On Sunday, December 29, 1799, Allen delivered a eulogy of George Washington to the congregation of the Philadelphia's African Methodist Episcopal Church. A sketch of Allen's address was published two days later in the Philadelphia Gazette. On the same page as Allen's eulogy appears an advertisement for sale of "The TIME of a NEGRO MAN, who has 6 years to serve." The white editor of the Gazette introduced Allen's eulogy by pronouncing that "it will show that the African race participate in the common events of our country--that they rejoice in our prosperity, mourn in our adversity, and feel with other citizens the propriety and necessity of wise and good rulers, of an effective government, and of submission to the laws and government of the land."

But Allen's eulogy does much more. Allen uses the occasion of Washington's death, a time when his ideals and achievements were subjects of national contemplation, to focus on Washington's eventual opposition to slavery. Although a slaveowner himself, Washington had written as early as 1786 of his desire "to see some plan adopted by which slavery may be abolished by law." Some of Washington's actions as president, however, seem in conflict with this belief. In 1793, for example, he signed into law the first federal law requiring the return of fugitive slaves. Yet upon his death, Washington's will set free his enslaved companion William Lee and provided for the emancipation of his other slaves following his wife's death. The memory of Washington, Allen argues, can best be served by abiding by his principles, "for you cannot honour those who have loved you and been your benefactors more than by taking their council and advice."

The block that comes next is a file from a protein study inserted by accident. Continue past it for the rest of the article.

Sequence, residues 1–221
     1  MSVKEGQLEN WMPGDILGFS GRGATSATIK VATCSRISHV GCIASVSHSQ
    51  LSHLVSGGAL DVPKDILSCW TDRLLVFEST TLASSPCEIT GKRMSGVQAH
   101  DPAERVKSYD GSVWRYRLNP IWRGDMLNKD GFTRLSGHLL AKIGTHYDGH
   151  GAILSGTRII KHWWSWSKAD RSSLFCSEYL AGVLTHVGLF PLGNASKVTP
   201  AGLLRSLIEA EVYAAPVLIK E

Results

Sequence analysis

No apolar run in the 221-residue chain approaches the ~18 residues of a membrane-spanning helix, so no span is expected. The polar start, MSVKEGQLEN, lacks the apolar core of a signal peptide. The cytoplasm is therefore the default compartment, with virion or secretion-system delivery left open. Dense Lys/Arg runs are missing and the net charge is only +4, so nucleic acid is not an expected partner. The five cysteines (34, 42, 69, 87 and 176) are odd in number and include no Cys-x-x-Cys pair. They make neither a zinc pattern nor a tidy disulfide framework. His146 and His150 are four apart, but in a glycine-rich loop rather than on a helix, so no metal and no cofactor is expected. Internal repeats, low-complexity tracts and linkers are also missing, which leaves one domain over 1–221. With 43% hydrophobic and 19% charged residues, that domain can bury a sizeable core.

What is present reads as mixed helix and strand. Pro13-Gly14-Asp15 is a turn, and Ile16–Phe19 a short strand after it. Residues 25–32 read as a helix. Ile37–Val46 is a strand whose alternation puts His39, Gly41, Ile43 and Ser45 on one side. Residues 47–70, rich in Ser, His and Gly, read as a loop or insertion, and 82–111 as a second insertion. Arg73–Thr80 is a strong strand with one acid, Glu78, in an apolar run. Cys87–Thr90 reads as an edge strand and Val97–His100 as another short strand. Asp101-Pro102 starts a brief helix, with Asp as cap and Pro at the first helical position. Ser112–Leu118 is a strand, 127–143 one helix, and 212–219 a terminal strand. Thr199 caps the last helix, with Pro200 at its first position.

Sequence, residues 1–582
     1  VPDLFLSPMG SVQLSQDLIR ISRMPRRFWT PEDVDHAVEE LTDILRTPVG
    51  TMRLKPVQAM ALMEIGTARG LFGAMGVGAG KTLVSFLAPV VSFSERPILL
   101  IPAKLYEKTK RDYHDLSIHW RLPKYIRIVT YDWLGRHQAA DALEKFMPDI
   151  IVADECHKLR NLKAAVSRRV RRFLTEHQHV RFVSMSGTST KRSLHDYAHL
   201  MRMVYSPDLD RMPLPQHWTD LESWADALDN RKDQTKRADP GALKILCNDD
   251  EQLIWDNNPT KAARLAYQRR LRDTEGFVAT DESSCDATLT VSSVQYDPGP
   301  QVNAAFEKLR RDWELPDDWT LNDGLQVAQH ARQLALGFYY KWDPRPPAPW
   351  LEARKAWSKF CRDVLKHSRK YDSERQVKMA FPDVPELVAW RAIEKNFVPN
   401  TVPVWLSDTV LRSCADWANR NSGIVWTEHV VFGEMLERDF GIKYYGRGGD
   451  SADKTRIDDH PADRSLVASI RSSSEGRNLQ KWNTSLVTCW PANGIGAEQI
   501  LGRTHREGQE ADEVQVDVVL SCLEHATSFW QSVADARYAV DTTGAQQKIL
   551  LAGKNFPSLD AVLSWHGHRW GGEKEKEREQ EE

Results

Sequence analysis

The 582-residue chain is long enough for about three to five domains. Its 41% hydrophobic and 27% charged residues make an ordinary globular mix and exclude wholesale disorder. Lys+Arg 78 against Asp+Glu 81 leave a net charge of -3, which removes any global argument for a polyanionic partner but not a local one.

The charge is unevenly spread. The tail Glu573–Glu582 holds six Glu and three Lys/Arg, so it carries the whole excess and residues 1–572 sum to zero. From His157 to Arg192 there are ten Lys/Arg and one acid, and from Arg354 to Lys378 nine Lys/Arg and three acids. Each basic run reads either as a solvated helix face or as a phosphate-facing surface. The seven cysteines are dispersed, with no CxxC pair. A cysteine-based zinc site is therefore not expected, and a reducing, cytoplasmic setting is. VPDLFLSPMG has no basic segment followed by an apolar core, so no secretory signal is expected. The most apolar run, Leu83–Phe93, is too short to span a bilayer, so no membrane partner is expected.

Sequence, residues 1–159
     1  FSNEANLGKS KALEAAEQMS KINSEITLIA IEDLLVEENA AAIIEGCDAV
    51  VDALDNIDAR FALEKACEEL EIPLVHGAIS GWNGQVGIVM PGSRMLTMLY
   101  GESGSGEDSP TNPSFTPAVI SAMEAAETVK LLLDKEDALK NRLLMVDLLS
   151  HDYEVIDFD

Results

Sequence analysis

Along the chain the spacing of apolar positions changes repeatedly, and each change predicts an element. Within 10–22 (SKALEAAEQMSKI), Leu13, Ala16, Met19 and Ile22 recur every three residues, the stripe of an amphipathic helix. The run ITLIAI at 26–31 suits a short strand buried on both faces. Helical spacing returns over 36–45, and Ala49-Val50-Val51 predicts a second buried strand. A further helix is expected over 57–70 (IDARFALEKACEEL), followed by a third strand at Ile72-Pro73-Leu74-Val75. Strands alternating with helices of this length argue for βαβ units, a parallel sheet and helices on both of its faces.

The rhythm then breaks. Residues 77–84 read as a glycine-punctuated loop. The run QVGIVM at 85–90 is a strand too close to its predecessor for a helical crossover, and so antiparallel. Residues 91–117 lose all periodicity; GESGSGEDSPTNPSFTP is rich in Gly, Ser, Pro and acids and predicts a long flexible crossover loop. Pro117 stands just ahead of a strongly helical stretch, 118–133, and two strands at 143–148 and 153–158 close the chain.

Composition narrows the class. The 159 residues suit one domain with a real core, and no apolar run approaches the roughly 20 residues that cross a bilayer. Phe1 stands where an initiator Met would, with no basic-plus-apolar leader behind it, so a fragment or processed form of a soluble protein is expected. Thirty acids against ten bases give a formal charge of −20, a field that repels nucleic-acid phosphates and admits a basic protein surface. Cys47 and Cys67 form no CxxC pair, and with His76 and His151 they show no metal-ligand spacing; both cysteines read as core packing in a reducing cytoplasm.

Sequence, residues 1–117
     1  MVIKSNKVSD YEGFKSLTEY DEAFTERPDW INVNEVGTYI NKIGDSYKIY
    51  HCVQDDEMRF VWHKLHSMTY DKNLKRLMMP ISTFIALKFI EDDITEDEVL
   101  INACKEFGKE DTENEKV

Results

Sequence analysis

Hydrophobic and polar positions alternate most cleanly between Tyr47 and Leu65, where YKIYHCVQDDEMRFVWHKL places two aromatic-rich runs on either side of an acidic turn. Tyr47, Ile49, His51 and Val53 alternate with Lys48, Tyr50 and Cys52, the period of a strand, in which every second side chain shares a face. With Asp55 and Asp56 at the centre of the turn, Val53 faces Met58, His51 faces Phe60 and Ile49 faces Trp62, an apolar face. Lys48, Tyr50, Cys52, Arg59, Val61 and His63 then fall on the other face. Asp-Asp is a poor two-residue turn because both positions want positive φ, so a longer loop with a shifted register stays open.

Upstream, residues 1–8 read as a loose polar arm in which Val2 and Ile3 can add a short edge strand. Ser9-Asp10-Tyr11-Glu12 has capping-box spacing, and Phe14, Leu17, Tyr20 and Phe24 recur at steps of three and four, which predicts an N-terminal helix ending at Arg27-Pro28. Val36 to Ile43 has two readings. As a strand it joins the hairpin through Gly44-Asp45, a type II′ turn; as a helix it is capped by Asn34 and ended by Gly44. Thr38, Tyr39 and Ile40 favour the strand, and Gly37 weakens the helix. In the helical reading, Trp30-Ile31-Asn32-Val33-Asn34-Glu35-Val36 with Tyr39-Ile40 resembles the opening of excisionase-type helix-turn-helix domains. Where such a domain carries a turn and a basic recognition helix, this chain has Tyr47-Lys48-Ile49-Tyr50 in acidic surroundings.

The speech text is taken from the Philadelphia Gazette of December 31, 1799.

At this time it may not be improper to speak a little on the late mournful event--an event in which we participate in common with the feelings of a grateful people--an event which causes "the land to mourn" in a season of festivity. Our father and friend is taken from us--he whom the nations honoured is "seen of men no more."

We, my friends, have particular cause to bemoan our loss. To us he has been the sympathising friend and tender father. He has watched over us, and viewed our degraded and afflicted state with compassion and pity-- his heart was not insensible to our sufferings. He whose wisdom the nations revered thought we had a right to liberty. Unbiased by the popular opinion of the state in which is the memorable Mount Vernon--he dared to do his duty, and wipe off the only stain with which man could ever reproach him.